4 Benefits of Water Filter Pitchers for Kids & Infants

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Considering buying a water filter pitcher for your family?

You might be wondering how this filtration device may be beneficial for your children.

Here, we’ve shared everything you should know about water filter pitchers for infants and young children. 

📌 Key Takeaways: 

  • Water filter pitchers protect infants and young children from contaminants that are known to be harmful to young people. 
  • Some of the contaminants the best water filter pitchers can remove are nitrate, fluoride, PFAS, microplastics, and lead. 
  • A water filter pitcher is an affordable, portable filtration system that’s good for busy families with small budgets. 

🫗 What Is A Water Filter Pitcher?

Before you can decide whether or not a water filter pitcher is right for filtering the water you give to your children, you need to know exactly what it is and how it works

A water filter pitcher is a pitcher jug with an attached filter

There are two reservoirs: a top reservoir (which contains the filter) and a bottom reservoir. The top reservoir slots onto the pitcher jug, which holds the bottom reservoir. When you add water to the top reservoir, it travels down through the filter cartridge and into the bottom reservoir, where it’s filtered and ready to drink. 

Water filter pitchers use gravity filtration. Rather than being pushed through the filter by the force of pressure in your pipes, water trickles through the filter at a slow, steady rate, gradually filling the pitcher below

Slow water pitcher filtration process

🤔 Why Filter Water For Infants And Young Children?

We all want to do what’s best for our children, and that means supplying them with clean, safe drinking water that won’t harm their health. 

However, our public drinking water supplies contain traces of a range of common contaminants, and the reality is that many of these contaminants have more dangerous health effects on children than they do on adults. 

Children are still developing, and their bodies are different from adult bodies in a few ways: 

  • They’re more at risk of getting sick
  • They have thinner skin
  • They breathe in more air per pound 
  • Their bodies – and organs – are smaller and less resistant to toxins

That means children are more likely to experience worsened health effects than adults due to drinking certain contaminants in their water, and they’re also more likely to experience unique health complications that don’t affect adults.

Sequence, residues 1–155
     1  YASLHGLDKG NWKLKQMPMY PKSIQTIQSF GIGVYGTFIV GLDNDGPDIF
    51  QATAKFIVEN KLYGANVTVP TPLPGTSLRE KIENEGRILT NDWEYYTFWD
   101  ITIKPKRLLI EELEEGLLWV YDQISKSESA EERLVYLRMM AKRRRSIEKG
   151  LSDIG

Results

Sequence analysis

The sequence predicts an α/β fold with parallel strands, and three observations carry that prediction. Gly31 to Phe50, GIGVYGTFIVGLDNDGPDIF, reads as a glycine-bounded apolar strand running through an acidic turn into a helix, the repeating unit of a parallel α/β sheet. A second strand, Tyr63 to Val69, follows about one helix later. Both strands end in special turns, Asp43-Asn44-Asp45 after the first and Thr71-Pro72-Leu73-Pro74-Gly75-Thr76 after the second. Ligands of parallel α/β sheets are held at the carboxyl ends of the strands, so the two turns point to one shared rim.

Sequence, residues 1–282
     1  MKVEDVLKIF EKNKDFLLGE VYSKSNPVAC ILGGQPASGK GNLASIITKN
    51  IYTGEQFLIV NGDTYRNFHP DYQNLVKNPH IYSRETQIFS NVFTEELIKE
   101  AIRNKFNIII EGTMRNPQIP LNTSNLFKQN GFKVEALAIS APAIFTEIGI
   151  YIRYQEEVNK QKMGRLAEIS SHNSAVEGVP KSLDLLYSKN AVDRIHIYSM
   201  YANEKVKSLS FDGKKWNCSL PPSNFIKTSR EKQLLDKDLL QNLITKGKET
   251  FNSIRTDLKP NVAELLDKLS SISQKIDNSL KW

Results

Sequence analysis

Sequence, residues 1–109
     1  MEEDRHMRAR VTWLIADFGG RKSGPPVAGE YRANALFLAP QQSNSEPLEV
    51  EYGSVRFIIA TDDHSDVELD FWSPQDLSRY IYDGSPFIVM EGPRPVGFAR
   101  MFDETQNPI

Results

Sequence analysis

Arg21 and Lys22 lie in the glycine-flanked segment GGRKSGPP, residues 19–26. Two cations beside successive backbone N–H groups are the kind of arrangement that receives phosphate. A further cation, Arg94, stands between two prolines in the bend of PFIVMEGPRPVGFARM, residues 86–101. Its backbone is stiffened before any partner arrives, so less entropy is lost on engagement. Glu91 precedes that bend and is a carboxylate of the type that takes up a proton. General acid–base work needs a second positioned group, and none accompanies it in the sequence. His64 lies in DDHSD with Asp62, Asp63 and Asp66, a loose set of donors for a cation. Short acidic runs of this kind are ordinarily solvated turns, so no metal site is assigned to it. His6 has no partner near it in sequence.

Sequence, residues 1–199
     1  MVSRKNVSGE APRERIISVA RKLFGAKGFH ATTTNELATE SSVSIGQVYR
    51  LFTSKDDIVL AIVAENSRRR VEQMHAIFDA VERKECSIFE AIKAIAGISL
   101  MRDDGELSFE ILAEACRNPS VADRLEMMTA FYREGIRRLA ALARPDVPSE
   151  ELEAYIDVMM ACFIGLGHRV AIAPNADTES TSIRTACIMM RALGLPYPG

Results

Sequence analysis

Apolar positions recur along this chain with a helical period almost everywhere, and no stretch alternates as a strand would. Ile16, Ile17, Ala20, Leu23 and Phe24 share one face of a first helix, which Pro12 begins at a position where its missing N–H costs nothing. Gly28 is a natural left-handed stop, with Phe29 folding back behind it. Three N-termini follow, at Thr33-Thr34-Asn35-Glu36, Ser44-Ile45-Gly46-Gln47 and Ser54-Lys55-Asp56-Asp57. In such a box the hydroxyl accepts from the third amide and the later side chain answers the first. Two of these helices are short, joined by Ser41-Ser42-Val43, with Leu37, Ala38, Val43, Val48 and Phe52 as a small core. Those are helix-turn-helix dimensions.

The EWG reviewed reports from neatly 50,000 water companies in the US and found that drinking water supplies for millions of children contained up to 250 contaminants, including the following:

  • 93 chemicals linked to cancer
  • 64 contaminants that impact the development of fetuses and infants
  • 38 contaminants linked to fertility problems
  • 78 contaminants linked to nervous system and brain problems

Even contaminants that don’t have any known health effects on children may affect the developing fetus if they’re consumed in water by pregnant women, potentially leading to birth defects and complications. 

This data is worrying, and what’s even more concerning is that there’s still a lot we don’t know about exactly how exposure to certain contaminants may harm a child’s development – so the reality may be even worse than we assume. 

By filtering your child’s water in a water filter pitcher, you can greatly reduce or eliminate many of the contaminants that are known to be harmful to their growth and development. 

🧫 What Contaminants Can a Water Filter Pitcher Remove?

Different water filter pitchers remove different contaminants. The exact substances removed depends on the filter quality and the complexity of its filtration process. 

Below, we’ve outlined the common contaminants that the best water filter pitchers can remove, and the potential health effects of these contaminants for children. 

Lead

Lead is a neurotoxin that is seriously harmful to a child’s health. According to the CDC, exposure to even low levels of lead may cause slowed growth and development, speech and hearing problems, brain and nervous system damage, and behavior and learning problems.